Thu, Feb 24, 2005 - Page 3 News List

Taiwan risks lowering its status in US: TSU

HIGH-TECH MESS If the government continues to relax its regulations regarding the export of high-technology skills to China, it could be penalized by the US, the TSU says

By Ko Shu-ling  /  STAFF REPORTER

Taiwan is risking lowering its status among the US government's high-technology export countries if it continues to relax regulations regarding the export of high-tech know-how and skills to China, Taiwan Solidarity Union (TSU) lawmakers warned yesterday.

Meanwhile, the caucus also requested an apology from United Microelectronics Corp (UMC) chairman Robert Tsao (曹興誠) for his remarks about the assembly.

According to TSU Legislator David Huang (黃適卓), Taiwan is listed among the Group B-category countries by the US government in terms of high-tech exports.

Group B refers to countries which do not pose a threat to the US and world peace. Countries listed in Group C are considered to pose a threat to the US' national security.

TSU Lawmaker Mark Ho (何敏豪) said that it is unwise and inappropriate for the government to further open up China-bound investment regulations.

"Until the UMC case is thoroughly investigated and settled, the government should rein in its enthusiasm for relaxing high-tech investment regulations," he said.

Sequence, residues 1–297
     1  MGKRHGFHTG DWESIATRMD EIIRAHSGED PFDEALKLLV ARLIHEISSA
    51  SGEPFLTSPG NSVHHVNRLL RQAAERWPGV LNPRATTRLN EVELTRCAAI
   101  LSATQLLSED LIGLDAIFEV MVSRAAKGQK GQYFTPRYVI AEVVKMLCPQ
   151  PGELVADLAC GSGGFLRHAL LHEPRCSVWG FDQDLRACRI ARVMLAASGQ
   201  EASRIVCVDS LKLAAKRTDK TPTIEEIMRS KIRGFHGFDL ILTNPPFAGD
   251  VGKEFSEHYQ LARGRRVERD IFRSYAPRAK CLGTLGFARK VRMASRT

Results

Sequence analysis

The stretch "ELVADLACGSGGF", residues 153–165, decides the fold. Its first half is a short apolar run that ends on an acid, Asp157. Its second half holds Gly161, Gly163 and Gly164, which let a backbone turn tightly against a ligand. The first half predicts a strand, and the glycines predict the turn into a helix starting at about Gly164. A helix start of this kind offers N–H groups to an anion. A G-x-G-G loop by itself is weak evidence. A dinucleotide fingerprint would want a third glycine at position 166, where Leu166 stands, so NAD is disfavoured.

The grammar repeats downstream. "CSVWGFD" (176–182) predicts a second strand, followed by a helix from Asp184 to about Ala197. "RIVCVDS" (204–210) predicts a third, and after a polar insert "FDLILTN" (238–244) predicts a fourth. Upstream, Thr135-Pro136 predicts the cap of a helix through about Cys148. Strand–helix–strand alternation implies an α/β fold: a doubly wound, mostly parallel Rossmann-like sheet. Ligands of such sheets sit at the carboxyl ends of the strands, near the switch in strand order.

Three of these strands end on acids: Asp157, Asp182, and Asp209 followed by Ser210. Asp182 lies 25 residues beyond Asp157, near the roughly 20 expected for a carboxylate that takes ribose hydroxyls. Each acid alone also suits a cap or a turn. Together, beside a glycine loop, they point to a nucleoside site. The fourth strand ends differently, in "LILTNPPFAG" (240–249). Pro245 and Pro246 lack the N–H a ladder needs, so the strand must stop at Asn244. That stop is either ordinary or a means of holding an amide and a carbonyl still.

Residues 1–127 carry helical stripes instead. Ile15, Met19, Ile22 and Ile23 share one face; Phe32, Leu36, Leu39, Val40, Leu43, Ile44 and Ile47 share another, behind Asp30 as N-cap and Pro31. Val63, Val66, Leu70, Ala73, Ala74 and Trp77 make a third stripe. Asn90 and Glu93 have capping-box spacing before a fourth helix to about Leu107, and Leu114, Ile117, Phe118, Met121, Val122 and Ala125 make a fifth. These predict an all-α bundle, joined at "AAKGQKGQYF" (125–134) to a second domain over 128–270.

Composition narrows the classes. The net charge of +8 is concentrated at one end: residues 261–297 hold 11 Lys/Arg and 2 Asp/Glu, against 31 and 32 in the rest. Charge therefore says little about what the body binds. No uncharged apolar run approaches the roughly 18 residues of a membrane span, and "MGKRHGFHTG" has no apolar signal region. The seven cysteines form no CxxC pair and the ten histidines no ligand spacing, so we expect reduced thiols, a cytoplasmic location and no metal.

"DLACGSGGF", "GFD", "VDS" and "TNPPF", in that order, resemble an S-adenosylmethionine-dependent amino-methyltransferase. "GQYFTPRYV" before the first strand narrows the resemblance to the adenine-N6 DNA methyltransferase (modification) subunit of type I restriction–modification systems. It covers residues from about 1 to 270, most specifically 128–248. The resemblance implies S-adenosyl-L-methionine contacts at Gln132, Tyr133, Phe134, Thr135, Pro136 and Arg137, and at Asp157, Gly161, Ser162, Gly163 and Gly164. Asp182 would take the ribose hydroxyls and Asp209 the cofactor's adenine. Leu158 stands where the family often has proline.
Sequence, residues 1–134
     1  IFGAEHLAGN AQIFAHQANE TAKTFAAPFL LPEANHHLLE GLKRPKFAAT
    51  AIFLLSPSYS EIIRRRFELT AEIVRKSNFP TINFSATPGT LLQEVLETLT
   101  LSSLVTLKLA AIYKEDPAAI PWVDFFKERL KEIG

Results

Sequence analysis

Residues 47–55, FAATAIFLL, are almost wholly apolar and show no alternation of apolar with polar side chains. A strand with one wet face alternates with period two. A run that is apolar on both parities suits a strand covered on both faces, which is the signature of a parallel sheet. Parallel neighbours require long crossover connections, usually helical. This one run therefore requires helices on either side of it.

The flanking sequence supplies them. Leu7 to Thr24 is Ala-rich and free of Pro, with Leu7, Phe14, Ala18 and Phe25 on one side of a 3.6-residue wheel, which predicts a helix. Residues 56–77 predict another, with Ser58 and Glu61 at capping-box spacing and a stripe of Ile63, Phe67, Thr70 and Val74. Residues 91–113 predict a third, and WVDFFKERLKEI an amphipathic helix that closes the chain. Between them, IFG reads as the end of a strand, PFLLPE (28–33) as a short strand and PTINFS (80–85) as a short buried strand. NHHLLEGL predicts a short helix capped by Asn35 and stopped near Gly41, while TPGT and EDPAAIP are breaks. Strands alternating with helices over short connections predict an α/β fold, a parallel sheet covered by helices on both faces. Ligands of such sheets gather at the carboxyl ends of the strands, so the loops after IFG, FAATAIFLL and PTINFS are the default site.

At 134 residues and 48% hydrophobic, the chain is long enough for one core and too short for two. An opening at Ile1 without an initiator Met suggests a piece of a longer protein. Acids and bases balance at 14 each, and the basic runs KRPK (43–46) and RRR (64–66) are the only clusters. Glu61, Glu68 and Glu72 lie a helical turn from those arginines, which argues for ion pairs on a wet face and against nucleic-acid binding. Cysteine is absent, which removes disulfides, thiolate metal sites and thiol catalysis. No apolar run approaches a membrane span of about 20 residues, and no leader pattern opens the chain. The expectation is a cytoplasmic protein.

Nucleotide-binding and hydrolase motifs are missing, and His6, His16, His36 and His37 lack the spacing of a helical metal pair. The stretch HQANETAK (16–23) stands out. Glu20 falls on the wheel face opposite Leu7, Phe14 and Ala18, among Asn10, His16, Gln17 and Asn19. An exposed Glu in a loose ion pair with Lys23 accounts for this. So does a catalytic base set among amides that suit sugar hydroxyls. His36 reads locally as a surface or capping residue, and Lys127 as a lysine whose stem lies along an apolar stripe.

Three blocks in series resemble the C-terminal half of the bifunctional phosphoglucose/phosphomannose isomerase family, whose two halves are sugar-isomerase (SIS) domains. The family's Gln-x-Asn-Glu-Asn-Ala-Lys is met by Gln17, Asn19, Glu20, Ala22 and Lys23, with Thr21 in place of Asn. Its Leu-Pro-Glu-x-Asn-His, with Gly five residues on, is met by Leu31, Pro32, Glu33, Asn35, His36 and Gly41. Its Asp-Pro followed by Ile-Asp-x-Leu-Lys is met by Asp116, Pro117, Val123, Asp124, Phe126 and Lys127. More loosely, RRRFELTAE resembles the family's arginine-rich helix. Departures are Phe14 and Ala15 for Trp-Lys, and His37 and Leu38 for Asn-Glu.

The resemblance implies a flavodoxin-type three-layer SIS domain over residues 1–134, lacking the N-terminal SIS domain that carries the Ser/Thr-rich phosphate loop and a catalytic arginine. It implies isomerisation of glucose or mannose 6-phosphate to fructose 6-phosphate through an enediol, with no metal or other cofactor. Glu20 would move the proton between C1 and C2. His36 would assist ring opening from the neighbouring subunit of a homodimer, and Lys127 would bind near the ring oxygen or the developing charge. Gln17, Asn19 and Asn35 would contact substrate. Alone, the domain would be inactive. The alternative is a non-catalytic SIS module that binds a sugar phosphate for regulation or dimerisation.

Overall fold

"While the government boasts its `active opening-up and effective management' (積極開放, 有效管理) economic strategy, we've seen the government do a poor job in effectively managing China-bound investment."

Ho made the remarks yesterday morning after holding an hour-long closed-door meeting with Mainland Affairs Council and National Security Bureau officials to discuss the UMC matter and its impact on national security.

TSU caucus whip Lo Chih-ming (羅志明) said that if the government fails to "fill the gap" in high-tech exports caused by the UMC matter, the US government will be forced to express its concern over Taiwan's high-tech exports and possibly take action.

"The UMC case has made the US government question the government's ability to effectively manage the export of high-tech knowhow and equipment," Lo said.

"The case reflects the incompetence of the National Security Bureau and the Mainland Affairs Council," he said.

Lo also pledged to push the passage of a technology-protection bill during this legislative session, which is scheduled to convene on Friday.

"If any other legislative caucuses boycott the bill and stall the legislation process, we will make public the names of those lawmakers opposing the bill and let them face the public's criticism in their constituencies," he said.

In addition to supporting Huang's opinion, TSU Legislator Tseng Tsan-teng (曾燦燈) demanded an apology from Tsao, who had described TSU lawmakers as "a bunch of clowns without much common sense."

"If he doesn't apologize within three days, we will follow with a lawsuit," he said.

"Although there are not many of us, we are committed to protect the nation's security," he said.

Tseng also called on the government to suspend approving more local wafer manufacturers' requests for establishing factories in China, unless the nation is ready to export its sensitive technology skills.

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